Publisher slates BBC over Stig row
The publisher embroiled in a legal battle with the BBC over a memoir by Top Gear's The Stig has attacked the corporation for using licence fee cash on legal moves to block the book.
Book giant HarperCollins said it would "vigorously defend" its right to publish the book.
It comes as the mysterious helmeted figure was apparently unmasked at the weekend.
The BBC has been trying to stop the publication of the book and claims that confidentiality agreements stop the driver from revealing his identity.
HarperCollins said in a statement: "We are disappointed that the BBC has chosen to spend licence fee payers' money to suppress this book and will vigorously defend the perfectly legitimate right of this individual to tell his story."
Racing driver Ben Collins - who was a stunt double for James Bond - has been linked to the role of The Stig in financial documents. He is one of several drivers whose names have been put forward as being the white-clad figure who regularly takes to the track on the BBC2 show.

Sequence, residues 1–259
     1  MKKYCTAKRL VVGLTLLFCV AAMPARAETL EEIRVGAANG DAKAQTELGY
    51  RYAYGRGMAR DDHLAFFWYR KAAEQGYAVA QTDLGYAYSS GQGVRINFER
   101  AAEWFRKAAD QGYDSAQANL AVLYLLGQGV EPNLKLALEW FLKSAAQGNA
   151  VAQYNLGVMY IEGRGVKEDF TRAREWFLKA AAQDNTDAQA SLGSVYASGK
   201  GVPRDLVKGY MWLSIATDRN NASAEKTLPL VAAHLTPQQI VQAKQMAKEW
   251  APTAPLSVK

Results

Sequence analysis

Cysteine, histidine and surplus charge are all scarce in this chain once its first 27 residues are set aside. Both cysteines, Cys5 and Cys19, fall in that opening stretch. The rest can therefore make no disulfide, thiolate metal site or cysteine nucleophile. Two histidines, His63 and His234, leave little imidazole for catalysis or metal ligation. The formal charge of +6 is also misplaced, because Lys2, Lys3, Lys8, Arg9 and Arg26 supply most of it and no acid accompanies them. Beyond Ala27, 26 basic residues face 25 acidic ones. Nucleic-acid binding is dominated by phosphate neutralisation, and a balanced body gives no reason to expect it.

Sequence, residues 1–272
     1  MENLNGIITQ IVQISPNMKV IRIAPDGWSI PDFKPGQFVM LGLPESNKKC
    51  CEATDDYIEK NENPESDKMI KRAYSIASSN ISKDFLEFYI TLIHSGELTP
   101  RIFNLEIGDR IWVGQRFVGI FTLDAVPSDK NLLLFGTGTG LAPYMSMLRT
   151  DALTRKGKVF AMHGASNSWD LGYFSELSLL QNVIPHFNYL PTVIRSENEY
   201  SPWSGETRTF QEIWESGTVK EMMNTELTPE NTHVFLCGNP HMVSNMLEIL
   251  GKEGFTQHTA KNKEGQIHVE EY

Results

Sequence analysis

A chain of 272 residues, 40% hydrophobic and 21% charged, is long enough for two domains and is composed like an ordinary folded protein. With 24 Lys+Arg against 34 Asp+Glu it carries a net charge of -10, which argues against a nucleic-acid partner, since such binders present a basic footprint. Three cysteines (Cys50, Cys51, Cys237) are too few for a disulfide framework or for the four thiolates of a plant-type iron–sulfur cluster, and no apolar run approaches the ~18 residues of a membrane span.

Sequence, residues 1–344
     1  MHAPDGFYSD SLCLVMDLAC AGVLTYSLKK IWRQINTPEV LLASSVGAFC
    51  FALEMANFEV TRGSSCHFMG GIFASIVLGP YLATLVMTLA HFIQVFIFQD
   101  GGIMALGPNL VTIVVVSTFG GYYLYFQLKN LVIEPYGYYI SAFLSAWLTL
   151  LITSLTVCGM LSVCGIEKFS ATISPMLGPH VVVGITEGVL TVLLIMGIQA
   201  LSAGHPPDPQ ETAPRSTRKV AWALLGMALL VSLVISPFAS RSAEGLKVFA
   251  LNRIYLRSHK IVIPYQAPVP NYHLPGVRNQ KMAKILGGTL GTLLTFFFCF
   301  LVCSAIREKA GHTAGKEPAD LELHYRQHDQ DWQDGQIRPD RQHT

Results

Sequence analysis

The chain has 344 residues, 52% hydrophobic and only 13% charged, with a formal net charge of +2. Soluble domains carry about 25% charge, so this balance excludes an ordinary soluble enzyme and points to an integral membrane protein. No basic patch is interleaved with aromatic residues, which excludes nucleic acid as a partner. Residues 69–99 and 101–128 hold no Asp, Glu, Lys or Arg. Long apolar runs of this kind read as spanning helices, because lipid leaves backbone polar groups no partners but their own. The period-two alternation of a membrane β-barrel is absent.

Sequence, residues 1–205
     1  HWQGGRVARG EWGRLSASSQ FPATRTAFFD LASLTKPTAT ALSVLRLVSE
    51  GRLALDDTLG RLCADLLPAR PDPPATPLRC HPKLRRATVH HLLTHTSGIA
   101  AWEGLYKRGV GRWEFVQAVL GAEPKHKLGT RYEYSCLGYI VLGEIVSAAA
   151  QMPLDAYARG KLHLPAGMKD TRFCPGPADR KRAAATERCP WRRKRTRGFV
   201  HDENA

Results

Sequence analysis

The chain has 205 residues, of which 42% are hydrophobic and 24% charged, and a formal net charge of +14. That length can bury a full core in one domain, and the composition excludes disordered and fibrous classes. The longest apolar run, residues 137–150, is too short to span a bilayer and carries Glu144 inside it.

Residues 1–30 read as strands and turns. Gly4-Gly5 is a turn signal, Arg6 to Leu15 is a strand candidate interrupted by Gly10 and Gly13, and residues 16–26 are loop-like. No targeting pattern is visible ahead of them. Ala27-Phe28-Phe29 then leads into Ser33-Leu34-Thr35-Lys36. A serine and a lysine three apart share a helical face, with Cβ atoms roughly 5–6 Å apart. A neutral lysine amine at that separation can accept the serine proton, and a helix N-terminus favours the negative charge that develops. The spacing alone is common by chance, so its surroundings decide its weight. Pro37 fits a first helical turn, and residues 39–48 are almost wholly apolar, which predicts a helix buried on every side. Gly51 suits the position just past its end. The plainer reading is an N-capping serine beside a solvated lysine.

The case has reached the High Court but is understood to have been adjourned "by consent" until next week. No details of the application were given in court.
A BBC spokesman said: "This situation has come about as a result of an attempt by an external party to profit from unauthorised use of the Top Gear brand, one of the BBC's biggest and most watched shows in the UK around the world.
"It is also worth stating that the overwhelming majority of Top Gear's viewers tell us they want The Stig's identity to remain under wraps as it is a key part of their enjoyment of the show."